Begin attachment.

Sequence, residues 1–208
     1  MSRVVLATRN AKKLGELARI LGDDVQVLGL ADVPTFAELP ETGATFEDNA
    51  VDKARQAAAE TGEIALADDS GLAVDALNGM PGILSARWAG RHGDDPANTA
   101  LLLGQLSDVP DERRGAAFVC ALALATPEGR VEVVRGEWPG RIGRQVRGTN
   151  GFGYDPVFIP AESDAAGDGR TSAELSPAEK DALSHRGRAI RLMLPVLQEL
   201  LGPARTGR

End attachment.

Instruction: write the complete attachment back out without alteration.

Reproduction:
Sequence, residues 1–208
     1  MSRVVLATRN AKKLGELARI LGDDVQVLGL ADVPTFAELP ETGATFEDNA
    51  VDKARQAAAE TGEIALADDS GLAVDALNGM PGILSARWAG RHGDDPANTA
   101  LLLGQLSDVP DERRGAAFVC ALALATPEGR VEVVRGEWPG RIGRQVRGTN
   151  GFGYDPVFIP AESDAAGDGR TSAELSPAEK DALSHRGRAI RLMLPVLQEL
   201  LGPARTGR